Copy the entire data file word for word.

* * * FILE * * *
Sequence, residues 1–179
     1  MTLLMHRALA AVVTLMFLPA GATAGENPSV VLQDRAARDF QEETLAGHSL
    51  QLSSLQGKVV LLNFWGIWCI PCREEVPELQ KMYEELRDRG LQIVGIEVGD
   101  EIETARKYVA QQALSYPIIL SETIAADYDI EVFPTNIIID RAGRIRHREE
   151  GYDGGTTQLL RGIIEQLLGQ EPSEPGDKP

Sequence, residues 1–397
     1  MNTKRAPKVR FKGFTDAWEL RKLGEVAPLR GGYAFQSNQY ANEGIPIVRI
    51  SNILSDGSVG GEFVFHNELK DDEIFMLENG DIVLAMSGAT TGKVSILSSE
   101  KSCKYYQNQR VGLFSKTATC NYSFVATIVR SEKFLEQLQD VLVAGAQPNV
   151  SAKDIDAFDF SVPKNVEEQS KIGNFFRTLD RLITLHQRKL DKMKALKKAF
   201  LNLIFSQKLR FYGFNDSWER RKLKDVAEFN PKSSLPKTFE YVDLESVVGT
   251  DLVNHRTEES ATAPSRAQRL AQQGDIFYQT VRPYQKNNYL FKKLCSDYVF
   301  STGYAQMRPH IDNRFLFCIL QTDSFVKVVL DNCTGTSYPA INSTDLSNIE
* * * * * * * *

Sequence, residues 1–179
     1  MTLLMHRALA AVVTLMFLPA GATAGENPSV VLQDRAARDF QEETLAGHSL
    51  QLSSLQGKVV LLNFWGIWCI PCREEVPELQ KMYEELRDRG LQIVGIEVGD
   101  EIETARKYVA QQALSYPIIL SETIAADYDI EVFPTNIIID RAGRIRHREE
   151  GYDGGTTQLL RGIIEQLLGQ EPSEPGDKP

Sequence, residues 1–397
     1  MNTKRAPKVR FKGFTDAWEL RKLGEVAPLR GGYAFQSNQY ANEGIPIVRI
    51  SNILSDGSVG GEFVFHNELK DDEIFMLENG DIVLAMSGAT TGKVSILSSE
   101  KSCKYYQNQR VGLFSKTATC NYSFVATIVR SEKFLEQLQD VLVAGAQPNV
   151  SAKDIDAFDF SVPKNVEEQS KIGNFFRTLD RLITLHQRKL DKMKALKKAF
   201  LNLIFSQKLR FYGFNDSWER RKLKDVAEFN PKSSLPKTFE YVDLESVVGT
   251  DLVNHRTEES ATAPSRAQRL AQQGDIFYQT VRPYQKNNYL FKKLCSDYVF
   301  STGYAQMRPH IDNRFLFCIL QTDSFVKVVL DNCTGTSYPA INSTDLSNIE